After a three-month-long closure, the Chippewa Valley Museum is reopening today with new requirements for masks and social distancing.
The museum will require employees and visitors to wear masks, and ask visitors to stay at least six feet apart from people they don’t live with.
“The Health Department strongly recommended masks … we felt that was the safest thing to do for the public, so we added an extra layer of precaution,” said museum director Carrie Ronnander on Tuesday. “To be frank, (opening) is exciting but there’s some trepidation. How is this really going to go?”
As the popular Eau Claire museum reopens with limited summer hours, it’s changing more of its day-to-day operations to cut down on COVID-19 transmission risk, Ronnander said.
The museum’s new summer hours are 5 to 8 p.m. Tuesday and noon to 5 p.m. Wednesday through Sunday.
Visitor groups must be of nine or fewer people, with a 50-person cap on the building at any one time. Museum exhibits are rearranged so people can follow one-way foot traffic; hands-on elements have been temporarily removed from most exhibits.
Museum visitors and employees must stay six feet apart. Staffers will clean commonly touched surfaces every 30 to 60 minutes, and hand sanitizer and disposable masks will be offered to visitors.
If attendees show signs of COVID-19 symptoms, they won’t be allowed into the building, according to the museum’s reopening plan. Signs of COVID-19 infection include a fever, cough, shortness of breath, sore throat, chills, muscle aches or congestion.
Olaf Lind, museum communications specialist, called it “a gradual reopening.”
“This allows time for staff to learn new procedures and see what works and doesn’t work in our main museum building,” Lind said in a news release from the museum Tuesday.
Some exhibits will stay closed, likely until later in the year, Ronnander said. Visitors won’t be able to access the History Quest exhibit, ice cream parlor, museum store, Log House and Sunnyview School House just yet.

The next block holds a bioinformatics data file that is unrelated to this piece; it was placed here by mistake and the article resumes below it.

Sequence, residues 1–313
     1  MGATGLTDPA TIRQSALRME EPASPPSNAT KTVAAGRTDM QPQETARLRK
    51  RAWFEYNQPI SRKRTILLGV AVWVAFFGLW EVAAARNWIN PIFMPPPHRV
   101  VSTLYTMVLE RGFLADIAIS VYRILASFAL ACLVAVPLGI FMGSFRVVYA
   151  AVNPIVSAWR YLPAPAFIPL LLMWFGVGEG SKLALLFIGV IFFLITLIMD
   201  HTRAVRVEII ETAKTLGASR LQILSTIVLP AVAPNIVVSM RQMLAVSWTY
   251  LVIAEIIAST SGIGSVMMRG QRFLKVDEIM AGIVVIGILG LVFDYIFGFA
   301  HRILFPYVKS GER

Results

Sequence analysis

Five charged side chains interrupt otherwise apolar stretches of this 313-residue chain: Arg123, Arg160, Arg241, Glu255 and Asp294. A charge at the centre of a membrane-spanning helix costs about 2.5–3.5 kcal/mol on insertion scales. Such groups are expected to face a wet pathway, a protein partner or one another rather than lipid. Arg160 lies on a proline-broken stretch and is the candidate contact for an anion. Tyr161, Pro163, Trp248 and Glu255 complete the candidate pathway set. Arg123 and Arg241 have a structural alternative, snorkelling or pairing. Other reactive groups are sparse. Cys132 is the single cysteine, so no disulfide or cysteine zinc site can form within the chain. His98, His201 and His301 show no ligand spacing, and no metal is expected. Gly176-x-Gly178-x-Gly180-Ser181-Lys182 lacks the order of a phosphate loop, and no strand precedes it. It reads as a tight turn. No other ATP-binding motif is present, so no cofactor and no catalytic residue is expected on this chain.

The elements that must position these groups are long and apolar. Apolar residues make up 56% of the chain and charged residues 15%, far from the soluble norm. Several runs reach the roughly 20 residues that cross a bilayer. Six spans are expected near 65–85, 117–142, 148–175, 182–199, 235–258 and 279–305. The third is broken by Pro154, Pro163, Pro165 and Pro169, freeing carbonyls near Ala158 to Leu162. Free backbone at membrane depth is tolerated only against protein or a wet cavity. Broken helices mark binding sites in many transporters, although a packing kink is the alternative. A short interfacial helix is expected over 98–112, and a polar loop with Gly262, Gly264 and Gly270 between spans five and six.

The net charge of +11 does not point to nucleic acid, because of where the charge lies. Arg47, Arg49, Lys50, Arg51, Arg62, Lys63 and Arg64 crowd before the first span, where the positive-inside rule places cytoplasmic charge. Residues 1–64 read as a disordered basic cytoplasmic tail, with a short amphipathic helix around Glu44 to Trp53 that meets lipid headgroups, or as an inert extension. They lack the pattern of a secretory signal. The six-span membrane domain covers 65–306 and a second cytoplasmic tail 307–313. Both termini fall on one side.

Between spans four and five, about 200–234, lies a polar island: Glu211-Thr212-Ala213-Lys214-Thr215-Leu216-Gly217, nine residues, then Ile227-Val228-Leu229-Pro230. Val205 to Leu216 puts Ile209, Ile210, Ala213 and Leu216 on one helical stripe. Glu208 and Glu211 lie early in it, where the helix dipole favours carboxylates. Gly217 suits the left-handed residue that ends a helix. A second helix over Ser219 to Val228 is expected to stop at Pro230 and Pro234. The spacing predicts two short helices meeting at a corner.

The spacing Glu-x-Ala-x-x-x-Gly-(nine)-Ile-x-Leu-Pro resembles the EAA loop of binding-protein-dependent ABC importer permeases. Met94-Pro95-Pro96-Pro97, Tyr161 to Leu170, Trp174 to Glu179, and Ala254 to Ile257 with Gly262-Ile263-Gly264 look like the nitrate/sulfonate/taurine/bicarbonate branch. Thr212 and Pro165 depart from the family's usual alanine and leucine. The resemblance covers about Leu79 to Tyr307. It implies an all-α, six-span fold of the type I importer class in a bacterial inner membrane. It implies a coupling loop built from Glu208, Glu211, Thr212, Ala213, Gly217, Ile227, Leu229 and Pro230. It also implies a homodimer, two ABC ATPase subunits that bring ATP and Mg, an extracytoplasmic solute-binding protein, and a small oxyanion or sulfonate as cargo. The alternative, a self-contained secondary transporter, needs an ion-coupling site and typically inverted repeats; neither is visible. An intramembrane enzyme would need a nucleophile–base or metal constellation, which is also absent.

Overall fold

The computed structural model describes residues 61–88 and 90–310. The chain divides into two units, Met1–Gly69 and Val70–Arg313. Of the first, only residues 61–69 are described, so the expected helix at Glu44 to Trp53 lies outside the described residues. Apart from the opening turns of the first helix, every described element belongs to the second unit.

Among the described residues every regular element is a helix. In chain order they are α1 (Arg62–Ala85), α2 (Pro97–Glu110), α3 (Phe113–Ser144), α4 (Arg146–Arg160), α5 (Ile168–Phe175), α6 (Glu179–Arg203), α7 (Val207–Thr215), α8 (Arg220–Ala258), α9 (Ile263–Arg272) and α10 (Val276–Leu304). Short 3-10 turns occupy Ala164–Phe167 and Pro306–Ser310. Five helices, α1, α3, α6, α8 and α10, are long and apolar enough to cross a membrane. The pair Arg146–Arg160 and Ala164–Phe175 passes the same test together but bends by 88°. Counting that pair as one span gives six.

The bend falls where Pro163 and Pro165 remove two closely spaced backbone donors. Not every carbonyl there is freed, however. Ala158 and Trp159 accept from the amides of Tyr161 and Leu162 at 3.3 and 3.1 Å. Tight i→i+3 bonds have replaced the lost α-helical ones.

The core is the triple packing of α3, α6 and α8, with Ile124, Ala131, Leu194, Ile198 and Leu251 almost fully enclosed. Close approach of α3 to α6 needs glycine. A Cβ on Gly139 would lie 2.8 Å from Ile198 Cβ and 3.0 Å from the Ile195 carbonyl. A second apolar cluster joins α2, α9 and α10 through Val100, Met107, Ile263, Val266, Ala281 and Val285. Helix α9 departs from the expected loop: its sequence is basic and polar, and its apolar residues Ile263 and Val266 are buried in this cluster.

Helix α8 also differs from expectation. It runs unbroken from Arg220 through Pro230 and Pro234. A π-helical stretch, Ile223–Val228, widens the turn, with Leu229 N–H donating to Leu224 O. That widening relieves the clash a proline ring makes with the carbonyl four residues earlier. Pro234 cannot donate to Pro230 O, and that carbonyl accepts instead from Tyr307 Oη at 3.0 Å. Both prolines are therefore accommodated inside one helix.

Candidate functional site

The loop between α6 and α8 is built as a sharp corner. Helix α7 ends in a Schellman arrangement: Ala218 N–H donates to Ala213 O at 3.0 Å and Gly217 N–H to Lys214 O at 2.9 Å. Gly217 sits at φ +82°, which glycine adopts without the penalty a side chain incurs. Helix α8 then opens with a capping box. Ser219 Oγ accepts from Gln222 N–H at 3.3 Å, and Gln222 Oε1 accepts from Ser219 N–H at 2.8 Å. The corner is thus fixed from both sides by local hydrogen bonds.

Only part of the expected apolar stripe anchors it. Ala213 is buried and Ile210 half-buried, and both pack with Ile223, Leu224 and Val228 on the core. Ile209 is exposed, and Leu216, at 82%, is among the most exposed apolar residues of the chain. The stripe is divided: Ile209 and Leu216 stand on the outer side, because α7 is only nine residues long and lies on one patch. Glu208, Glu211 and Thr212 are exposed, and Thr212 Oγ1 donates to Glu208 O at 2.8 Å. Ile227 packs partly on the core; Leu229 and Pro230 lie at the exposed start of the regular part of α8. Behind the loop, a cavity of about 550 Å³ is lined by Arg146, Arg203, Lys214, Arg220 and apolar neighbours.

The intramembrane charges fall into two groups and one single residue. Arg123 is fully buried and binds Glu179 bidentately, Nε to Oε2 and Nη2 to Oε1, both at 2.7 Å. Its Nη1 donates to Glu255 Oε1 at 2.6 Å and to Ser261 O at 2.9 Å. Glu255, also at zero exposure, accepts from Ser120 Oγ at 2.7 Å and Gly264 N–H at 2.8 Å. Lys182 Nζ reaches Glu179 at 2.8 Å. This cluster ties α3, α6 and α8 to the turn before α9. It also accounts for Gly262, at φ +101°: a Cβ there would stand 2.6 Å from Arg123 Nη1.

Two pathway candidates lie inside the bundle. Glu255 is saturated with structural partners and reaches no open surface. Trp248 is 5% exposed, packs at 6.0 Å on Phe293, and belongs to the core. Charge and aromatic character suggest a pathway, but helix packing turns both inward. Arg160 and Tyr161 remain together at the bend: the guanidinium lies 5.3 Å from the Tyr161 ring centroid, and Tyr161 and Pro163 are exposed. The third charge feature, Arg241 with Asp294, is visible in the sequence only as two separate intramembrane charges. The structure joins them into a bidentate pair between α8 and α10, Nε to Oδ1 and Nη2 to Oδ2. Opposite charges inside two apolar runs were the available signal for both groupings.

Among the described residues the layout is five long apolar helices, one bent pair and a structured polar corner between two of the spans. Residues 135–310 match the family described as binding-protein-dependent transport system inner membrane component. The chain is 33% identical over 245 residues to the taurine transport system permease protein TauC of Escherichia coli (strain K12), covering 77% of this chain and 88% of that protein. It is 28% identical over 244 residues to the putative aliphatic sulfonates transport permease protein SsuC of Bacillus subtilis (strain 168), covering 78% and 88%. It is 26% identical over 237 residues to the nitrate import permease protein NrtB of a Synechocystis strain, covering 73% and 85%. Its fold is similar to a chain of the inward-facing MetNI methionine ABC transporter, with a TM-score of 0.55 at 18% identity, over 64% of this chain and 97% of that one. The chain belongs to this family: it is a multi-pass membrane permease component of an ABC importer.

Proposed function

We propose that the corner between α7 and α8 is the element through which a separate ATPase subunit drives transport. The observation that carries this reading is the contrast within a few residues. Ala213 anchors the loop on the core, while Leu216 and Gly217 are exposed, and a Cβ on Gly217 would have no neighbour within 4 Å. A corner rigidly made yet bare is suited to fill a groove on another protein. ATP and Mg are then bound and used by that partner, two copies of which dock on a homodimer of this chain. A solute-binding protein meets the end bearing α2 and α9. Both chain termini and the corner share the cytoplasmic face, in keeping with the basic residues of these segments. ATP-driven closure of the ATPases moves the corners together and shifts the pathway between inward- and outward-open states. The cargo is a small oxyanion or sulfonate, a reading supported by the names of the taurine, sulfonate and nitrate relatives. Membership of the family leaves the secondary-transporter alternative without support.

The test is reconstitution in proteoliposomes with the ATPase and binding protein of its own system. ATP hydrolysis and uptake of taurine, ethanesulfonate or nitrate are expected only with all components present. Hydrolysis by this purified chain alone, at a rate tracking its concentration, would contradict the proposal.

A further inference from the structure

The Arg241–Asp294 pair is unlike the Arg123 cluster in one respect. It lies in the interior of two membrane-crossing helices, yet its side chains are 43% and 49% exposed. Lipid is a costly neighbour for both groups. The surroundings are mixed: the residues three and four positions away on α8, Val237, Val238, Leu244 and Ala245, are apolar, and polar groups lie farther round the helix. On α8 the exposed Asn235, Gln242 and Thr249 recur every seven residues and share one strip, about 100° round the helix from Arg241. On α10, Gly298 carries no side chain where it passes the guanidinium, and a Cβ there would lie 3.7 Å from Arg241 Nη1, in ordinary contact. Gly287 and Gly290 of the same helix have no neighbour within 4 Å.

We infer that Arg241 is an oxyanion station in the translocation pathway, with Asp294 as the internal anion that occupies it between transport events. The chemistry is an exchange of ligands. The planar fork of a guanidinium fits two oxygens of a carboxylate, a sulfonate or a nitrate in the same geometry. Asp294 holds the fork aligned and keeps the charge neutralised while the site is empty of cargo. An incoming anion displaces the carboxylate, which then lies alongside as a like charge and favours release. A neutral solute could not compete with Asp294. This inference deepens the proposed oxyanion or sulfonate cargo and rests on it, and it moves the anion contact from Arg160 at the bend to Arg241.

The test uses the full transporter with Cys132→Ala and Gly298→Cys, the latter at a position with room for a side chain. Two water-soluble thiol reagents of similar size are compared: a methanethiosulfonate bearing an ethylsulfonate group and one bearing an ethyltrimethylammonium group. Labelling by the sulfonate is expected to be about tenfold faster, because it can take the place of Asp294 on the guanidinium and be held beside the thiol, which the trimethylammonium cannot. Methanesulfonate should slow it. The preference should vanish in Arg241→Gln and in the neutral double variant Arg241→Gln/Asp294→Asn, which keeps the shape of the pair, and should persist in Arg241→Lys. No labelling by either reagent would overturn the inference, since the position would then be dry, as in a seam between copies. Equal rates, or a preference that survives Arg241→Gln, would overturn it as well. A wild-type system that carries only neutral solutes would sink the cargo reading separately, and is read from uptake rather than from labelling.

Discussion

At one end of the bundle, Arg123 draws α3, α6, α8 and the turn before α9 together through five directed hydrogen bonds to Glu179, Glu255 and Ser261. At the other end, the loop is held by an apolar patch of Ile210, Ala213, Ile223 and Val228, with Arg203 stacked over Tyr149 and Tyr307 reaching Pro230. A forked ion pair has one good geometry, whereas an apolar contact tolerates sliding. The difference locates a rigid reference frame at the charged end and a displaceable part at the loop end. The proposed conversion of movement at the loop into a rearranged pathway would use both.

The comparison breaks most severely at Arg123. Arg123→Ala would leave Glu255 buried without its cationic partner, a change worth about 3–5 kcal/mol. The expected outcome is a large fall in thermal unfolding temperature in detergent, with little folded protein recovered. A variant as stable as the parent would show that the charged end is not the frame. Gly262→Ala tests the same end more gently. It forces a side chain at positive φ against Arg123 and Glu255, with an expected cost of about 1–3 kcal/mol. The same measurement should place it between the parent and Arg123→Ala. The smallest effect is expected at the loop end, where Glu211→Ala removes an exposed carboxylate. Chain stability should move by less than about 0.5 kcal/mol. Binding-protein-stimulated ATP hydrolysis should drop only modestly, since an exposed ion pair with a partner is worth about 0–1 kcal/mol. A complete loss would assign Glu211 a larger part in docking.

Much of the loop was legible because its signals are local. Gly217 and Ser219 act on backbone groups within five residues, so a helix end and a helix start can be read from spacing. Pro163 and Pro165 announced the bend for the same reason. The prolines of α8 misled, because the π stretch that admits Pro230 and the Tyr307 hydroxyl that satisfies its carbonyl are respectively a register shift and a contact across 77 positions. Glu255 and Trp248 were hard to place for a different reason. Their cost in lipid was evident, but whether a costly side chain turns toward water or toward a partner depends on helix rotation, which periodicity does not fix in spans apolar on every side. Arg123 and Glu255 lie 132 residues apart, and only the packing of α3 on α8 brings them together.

That’s because the museum depends on volunteers to help daily operations, Ronnander said. Its roughly 300 volunteers are mostly over age 60, putting them in a category that’s higher-risk for coronavirus complications — so six of the museum’s 10 staff members will be overseeing the exhibits during the first phase of reopening, Ronnander said.
“When we have more manpower ... to clean and monitor and adapt, then we’ll be able to open those spaces,” Ronnander said.
In March, Ronnander predicted that this year the museum would lose between 50% and 70% of its typical annual 18,000 visitors due to the virus. That’s partially because 50% of the museum’s visitors in summer hail from outside the Chippewa Valley, Ronnander said — and the virus means the Wisconsin tourism industry is expecting to take a hit this year.
“I don’t know what the summer is going to be like at all,” Ronnander said Tuesday. “We’re kind of expecting it’ll be more regional, fewer outside travelers. But as we’ve learned through this entire pandemic experience, prepare for the unknown.”
The pandemic has inspired one of the museum’s two new mini-exhibits: a display on epidemics, including an iron lung display. The other mini-exhibit will feature voting materials and suffrage — timely because of the 2020 election and August’s 100th anniversary of the ratification of the 19th Amendment, which guaranteed women the right to vote, Ronnander said.
Today begins the museum’s first phase of reopening. In mid-July, up to 100 people may be allowed in the building, volunteers may return and more exhibits may reopen, according to the museum’s reopening plan.
Phases three and four will happen when the Eau Claire City-County Health Department moves forward with its own reopening plan (phase four means the museum will return to the “pre-pandemic experience,” except for encouraging visitors to wash their hands.)
“I’m hoping (visitors) gradually come out to test the waters,” Ronnander said Tuesday.
The museum is also offering virtual exhibits, for people who don’t feel comfortable visiting in person. They can be found at www.cvmuseum.com/explore/virtual-exhibits/.
MADISON — A divided Wisconsin Supreme Court ruled Tuesday that a judge’s decision to become Facebook friends with a woman whose child custody case he was hearing created at least the appearance of bias, the first case of its kind in the state and one that could test the boundaries of social media use by judges.
The case presented the question of whether a judge can violate due process rights by becoming friends with someone on Facebook. That hasn’t been addressed yet by the U.S. Supreme Court, making the case one it may want to take up, said attorney Brandon Schwartz.